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Jericho Moon Mass Market Paperback – 26 May 1998

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Mass Market Paperback, 26 May 1998
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Product details

  • Mass Market Paperback: 499 pages
  • Publisher: Signet (26 May 1998)
  • Language: English
  • ISBN-10: 0451456785
  • ISBN-13: 978-0451456786
  • Product Dimensions: 13.4 x 2.8 x 20.3 cm
  • Average Customer Review: 4.5 out of 5 stars  See all reviews (2 customer reviews)
  • Amazon Bestsellers Rank: 2,300,188 in Books (See Top 100 in Books)

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Product Description


The heroine of the Battle of Tyre, mercenary Barra the Pict, signs on for a rescue mission in the deserts of Canaan lured by the promise of rich rewards for the rescue of the Prince of Jebusai.

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1 of 1 people found the following review helpful By A Customer on 30 Nov. 1997
Format: Mass Market Paperback
JERICHO MOON takes advantage of an underused time and place to tell a story of swashbuckling theological adventure. The book is full of amusing touches such as the sudden surplus of mercenaries flooding the Ancient Near East after the Trojan War, and the author has plainly done his research in the vexed matter of the domestication of the camel. I was loaned JERICHO MOON, and enjoyed it so much I went out and bought the first book in this series, IRON DAWN. Fans of the Xena and Hercules shows should really enjoy this!
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By Magnus on 9 Dec. 2011
Format: Mass Market Paperback
I very much enjoyed this book.

It is a very inspirering tale and the author manage to produce a very intriguin heroine. The book really sucked me in and I was emerged into it and i read it in basixcally one go and I have re-read it three times thus far and I suspect I will re-read it again.

I can very much recommend it to anyone searching for a great adventure, an inspiring tale and good old fun.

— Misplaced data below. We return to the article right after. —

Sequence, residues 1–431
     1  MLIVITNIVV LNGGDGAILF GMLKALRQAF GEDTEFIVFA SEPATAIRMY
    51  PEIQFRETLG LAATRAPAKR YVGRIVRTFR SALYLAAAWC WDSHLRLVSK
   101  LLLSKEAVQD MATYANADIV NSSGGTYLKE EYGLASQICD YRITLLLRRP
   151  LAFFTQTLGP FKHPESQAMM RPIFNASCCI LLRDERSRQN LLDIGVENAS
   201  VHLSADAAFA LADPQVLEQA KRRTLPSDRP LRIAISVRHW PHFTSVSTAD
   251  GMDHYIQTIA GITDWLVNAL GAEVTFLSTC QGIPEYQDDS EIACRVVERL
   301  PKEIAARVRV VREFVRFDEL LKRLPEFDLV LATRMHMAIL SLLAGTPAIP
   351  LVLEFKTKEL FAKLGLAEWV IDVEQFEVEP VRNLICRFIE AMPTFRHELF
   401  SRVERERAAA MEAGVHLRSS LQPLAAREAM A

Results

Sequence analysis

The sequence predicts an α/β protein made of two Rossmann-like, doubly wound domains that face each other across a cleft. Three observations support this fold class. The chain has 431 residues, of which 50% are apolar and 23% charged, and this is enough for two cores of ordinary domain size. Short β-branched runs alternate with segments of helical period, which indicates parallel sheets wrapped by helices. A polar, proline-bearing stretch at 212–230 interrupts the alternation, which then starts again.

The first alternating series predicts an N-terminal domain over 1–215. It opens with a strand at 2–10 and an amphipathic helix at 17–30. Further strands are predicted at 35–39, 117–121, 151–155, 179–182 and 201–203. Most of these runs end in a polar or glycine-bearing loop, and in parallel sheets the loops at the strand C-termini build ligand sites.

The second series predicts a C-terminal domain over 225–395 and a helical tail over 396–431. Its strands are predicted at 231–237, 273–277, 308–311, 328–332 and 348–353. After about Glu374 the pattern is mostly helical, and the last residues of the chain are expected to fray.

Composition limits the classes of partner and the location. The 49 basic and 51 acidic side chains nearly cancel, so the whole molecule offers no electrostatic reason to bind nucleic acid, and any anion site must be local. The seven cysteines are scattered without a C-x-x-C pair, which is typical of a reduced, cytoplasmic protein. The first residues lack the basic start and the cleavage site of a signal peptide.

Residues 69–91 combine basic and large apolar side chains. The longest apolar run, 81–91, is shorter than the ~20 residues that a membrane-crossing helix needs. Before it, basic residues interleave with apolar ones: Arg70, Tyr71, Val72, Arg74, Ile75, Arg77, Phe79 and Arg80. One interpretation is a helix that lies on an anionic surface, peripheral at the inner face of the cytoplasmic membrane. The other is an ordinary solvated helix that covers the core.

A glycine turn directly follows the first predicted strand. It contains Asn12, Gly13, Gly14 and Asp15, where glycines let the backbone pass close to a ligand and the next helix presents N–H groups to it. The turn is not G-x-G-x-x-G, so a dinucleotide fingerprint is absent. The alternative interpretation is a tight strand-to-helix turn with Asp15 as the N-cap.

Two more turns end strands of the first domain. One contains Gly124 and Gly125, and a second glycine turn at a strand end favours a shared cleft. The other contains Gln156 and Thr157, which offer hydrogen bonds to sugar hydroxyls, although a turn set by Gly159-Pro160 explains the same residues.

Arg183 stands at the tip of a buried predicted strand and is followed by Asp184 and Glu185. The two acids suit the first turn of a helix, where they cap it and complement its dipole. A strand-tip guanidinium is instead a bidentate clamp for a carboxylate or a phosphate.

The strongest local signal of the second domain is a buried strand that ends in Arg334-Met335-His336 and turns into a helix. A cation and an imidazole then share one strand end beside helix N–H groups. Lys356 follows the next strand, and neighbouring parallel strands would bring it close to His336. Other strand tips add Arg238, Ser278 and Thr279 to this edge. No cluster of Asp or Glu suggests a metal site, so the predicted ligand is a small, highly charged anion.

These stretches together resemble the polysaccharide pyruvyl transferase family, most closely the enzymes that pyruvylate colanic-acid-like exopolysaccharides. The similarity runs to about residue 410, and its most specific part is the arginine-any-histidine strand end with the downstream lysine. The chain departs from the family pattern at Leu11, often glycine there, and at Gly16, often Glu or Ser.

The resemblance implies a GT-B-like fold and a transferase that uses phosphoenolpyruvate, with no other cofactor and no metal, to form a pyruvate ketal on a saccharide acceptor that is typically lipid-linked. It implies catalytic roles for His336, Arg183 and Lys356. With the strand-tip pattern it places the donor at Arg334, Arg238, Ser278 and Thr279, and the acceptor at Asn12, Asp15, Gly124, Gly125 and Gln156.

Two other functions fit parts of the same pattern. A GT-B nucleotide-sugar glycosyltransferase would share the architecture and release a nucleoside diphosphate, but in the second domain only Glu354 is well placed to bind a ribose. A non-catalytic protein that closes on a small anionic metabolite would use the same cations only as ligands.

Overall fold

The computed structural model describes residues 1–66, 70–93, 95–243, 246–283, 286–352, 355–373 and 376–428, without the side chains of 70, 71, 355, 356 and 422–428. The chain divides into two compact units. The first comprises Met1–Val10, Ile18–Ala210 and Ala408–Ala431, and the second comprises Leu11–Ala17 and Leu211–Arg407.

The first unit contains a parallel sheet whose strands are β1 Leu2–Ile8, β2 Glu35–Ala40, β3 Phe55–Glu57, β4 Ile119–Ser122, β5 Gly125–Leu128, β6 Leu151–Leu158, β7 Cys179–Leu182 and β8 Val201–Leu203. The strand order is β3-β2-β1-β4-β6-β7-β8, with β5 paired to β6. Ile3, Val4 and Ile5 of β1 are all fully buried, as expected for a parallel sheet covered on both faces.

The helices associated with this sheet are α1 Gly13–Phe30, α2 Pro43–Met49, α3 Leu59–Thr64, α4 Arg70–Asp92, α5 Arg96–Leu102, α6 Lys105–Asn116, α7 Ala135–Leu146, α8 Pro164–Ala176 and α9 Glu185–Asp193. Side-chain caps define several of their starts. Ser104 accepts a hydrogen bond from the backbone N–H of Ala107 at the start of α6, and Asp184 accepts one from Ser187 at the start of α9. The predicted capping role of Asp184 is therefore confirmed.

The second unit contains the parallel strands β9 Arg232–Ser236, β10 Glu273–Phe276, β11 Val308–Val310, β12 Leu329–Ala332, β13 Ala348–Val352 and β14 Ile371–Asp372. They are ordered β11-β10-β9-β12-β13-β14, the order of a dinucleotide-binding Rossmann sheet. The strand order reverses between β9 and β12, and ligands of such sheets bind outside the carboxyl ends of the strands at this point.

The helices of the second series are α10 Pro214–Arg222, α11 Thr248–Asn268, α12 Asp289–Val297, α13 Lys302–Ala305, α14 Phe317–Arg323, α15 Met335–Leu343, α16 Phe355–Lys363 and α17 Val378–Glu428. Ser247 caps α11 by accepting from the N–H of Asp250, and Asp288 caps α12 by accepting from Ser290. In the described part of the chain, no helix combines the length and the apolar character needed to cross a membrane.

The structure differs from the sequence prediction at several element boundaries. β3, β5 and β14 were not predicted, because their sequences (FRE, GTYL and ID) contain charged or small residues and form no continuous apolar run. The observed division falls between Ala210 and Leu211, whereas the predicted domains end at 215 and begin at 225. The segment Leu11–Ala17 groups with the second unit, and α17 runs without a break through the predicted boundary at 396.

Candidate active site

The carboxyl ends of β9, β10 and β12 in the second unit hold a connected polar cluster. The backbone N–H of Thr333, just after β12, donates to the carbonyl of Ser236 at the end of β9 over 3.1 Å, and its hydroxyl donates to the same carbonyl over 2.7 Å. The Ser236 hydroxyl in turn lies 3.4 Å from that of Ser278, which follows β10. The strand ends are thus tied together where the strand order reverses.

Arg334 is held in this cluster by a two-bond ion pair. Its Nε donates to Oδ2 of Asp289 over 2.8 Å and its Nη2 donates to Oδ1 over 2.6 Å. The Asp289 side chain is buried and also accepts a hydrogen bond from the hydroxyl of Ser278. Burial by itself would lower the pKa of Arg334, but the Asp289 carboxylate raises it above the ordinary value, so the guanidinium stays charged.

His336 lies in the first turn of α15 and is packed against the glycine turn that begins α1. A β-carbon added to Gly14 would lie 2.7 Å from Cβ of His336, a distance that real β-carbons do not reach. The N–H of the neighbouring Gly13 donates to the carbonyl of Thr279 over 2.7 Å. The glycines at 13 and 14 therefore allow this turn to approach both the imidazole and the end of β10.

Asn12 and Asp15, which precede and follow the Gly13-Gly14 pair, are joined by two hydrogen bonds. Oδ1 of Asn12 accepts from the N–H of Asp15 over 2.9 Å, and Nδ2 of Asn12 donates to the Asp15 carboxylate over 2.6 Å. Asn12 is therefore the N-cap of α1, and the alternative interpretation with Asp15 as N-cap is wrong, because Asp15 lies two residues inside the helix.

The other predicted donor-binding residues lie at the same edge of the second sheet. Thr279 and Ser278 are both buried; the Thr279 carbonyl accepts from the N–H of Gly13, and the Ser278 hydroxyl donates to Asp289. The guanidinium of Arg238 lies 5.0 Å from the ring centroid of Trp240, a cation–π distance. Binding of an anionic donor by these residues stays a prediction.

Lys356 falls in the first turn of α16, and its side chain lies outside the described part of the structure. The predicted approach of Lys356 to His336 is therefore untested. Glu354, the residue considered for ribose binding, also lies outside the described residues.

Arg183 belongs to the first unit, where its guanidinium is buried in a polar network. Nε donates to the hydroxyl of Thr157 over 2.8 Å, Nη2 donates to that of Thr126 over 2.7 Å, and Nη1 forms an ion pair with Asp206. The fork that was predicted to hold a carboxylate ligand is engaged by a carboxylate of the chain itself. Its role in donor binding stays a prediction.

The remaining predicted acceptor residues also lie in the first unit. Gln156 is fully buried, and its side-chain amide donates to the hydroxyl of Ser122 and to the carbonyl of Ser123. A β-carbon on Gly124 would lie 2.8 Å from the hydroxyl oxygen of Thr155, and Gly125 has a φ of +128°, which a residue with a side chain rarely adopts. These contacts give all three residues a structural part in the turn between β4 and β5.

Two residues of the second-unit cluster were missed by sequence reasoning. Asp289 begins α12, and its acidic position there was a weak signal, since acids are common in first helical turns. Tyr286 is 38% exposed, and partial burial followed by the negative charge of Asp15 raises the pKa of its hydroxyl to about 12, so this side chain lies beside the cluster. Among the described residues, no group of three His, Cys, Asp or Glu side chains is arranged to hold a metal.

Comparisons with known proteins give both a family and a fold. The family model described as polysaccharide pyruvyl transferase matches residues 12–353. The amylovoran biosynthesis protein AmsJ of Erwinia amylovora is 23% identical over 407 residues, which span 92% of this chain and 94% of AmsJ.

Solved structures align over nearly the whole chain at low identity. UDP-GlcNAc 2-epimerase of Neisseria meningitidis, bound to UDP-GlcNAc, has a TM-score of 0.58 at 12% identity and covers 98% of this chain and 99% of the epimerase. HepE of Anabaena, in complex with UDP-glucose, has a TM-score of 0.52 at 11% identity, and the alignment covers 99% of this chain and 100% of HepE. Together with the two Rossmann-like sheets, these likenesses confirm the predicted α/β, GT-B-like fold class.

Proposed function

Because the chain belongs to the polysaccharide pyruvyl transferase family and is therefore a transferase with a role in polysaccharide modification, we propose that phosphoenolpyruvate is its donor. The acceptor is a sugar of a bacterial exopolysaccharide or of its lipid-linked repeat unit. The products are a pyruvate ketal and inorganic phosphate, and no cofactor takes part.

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Most Helpful Customer Reviews on (beta) 11 reviews
16 of 18 people found the following review helpful
Strikingly Different 28 Jan. 2000
By Rodney Meek - Published on
Format: Mass Market Paperback
I have grown exceedingly weary of most contemporary fantasy novels. Seemingly all of them come prepackaged as five-volumes sets, telling the "epic saga" of the stable boy/orphaned princess who is a forgotten heir/prophesied one who must become a great warrior/mighty enchanter to overcome Ultimate Evil (and for some reason, this increasingly seems to involve the aid of telepathically linked horses/unicorns/cats/hawks).
It was a real delight, then, to read "Jericho Moon". The setting abided for the most part of the constraints of the known history of the time period in that region, and there was an exciting mix of cultures. The use of the "fighting mad" Old Testament God o' Wrath was rather daring and provocative, and the bad guys (the Hebrews) were depicted fairly sympathetically.
The alleged heroes, as well, were presented in an unbiased fashion, with all their quirks and flaws and drawbacks. Without clobbering the reader over the head, the author manages to establish intriguing backstories and plausible motivations for the characters, bringing them to life and making them real, warts and all.